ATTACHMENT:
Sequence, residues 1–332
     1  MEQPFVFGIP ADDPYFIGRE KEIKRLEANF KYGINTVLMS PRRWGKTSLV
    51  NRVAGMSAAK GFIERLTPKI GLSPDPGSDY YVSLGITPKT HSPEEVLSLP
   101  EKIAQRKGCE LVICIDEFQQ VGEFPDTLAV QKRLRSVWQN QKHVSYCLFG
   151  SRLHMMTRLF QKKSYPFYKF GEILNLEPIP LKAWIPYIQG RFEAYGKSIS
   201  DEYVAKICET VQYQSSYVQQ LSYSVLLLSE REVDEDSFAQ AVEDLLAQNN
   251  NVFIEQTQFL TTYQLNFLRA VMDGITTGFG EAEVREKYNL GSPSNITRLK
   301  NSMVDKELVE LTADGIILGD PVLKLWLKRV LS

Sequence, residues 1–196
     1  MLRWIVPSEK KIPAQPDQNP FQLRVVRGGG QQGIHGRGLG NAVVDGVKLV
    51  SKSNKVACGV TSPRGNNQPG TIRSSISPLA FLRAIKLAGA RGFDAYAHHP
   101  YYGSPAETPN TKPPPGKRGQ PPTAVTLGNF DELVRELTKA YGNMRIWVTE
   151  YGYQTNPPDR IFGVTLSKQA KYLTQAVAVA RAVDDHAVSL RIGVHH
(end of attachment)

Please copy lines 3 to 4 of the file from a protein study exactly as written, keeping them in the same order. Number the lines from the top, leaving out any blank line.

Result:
    51  NRVAGMSAAK GFIERLTPKI GLSPDPGSDY YVSLGITPKT HSPEEVLSLP
   101  EKIAQRKGCE LVICIDEFQQ VGEFPDTLAV QKRLRSVWQN QKHVSYCLFG